the enforced isolation was perfect for cultivating and original style. But although he stayed at home until he was in his late 50s, his fame as the greatest composer
in Europe meant that his music was heard in all the major musical centers: Vienna, Paris, London. Not New York…

Haydn’s great legacy was as a composer of symphonies. It was he who crystallized the form of the symphony, developing it from the short, three-movement sinfonia structure
that Mozart adopts in his Symphony No.26 to the four-movement Classical symphony that became the model for Beethoven and virtually every composer who has written a symphony
since. If composers aren’t following Haydn’s lead, they’re consciously departing from it.

Haydn’s Symphony No.86 was one of a set of six composed on commission for a concert series in Paris. The occasion called for music that was ambitious and grand, which is
one of the reasons why Haydn’s symphony in this concert lasts half an hour to Mozart’s ten minutes, even though the two works were composed within 12 years of each other.

Other things make Symphony No.86 sound grand. It’s in the key D major, which is the key in which trumpets sound their most brilliant, and this is a symphony with trumpets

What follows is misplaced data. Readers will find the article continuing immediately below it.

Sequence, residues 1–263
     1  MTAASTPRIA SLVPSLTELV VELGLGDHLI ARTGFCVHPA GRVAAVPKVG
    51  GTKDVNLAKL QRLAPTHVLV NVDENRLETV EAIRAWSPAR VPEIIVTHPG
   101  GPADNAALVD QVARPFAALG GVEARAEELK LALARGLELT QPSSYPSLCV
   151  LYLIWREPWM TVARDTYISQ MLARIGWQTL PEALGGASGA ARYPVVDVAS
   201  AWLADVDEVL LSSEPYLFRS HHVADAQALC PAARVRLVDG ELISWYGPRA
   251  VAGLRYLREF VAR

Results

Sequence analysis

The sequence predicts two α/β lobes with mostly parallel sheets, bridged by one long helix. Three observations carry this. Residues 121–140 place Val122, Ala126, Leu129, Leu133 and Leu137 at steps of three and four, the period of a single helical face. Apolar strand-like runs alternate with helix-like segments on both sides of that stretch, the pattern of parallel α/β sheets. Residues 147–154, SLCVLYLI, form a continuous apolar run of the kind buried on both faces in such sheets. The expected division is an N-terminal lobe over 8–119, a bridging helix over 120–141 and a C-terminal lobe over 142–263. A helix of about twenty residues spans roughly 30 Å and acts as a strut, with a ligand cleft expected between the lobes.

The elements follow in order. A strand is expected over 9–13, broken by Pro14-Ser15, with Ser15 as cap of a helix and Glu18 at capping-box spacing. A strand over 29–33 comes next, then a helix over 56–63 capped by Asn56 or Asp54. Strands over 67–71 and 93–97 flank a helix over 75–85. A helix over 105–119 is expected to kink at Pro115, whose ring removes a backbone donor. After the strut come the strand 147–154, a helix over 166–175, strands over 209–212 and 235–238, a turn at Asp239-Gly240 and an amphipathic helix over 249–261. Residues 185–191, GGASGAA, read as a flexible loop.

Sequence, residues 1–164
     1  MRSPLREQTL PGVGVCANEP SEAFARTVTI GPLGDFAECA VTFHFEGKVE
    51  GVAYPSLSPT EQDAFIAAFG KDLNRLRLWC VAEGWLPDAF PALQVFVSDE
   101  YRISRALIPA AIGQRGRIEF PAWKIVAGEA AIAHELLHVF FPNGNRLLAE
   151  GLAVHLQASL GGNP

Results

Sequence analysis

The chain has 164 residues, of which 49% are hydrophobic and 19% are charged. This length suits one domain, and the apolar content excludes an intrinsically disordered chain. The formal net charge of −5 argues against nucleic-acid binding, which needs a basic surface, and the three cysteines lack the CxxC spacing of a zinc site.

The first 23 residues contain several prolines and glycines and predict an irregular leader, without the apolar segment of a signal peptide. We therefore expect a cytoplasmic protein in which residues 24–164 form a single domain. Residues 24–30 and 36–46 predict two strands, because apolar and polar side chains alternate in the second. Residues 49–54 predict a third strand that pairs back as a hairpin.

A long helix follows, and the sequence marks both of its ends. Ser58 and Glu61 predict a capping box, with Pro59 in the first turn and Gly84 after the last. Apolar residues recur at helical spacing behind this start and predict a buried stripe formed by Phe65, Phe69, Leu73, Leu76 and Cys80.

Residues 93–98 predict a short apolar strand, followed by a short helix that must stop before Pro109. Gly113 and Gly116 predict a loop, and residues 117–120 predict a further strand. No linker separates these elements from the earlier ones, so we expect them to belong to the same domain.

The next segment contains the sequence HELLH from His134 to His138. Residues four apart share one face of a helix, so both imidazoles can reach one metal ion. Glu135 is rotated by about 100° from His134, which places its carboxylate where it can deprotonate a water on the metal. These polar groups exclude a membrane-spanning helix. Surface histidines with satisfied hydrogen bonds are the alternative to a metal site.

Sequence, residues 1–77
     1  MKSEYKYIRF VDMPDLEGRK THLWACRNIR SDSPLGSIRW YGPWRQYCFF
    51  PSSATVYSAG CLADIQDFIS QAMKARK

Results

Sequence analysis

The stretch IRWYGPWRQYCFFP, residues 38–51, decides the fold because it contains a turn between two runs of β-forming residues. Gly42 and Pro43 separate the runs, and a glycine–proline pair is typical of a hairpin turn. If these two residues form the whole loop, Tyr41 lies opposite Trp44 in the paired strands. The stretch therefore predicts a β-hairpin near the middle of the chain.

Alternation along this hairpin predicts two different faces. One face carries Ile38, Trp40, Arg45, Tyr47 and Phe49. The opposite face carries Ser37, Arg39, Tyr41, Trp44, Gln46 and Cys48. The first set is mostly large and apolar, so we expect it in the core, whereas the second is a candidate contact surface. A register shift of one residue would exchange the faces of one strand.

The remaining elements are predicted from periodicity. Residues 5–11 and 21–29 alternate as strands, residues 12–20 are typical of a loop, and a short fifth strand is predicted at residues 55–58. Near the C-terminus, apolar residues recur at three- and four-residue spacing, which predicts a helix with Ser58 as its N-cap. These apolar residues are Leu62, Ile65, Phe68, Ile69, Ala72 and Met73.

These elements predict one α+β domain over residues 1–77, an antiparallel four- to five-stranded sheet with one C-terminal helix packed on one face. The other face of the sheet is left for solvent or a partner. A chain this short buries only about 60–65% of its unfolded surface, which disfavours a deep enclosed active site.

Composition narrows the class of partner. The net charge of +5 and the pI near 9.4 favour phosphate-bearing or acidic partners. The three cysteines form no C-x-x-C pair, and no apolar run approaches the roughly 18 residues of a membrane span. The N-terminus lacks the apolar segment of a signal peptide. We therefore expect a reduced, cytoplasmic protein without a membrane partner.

and drums. The effect is uplifting, triumphant and noisy. But that’s not how Haydn begins. The first movement has a slow introduction (Adagio), which he uses to establish
the solemnity and importance of the occasion before he launches into much faster and more spirited music (Allegro spiritoso).

The second movement gives the concert its second ‘capriccio’. This one is slow (Largo) and serious in character, but nonetheless ignores conventions and is full of
unexpected gestures. Pay attention at the very beginning, when the strings and bassoon play a simple rising sequence of four stately chords: from this foundation
Haydn builds music with far-ranging harmonies and often abrupt shifts of mood.

One of the conventions that Haydn established in the Classical symphony was the third-movement minuet – borrowing a lively but elegant dance form from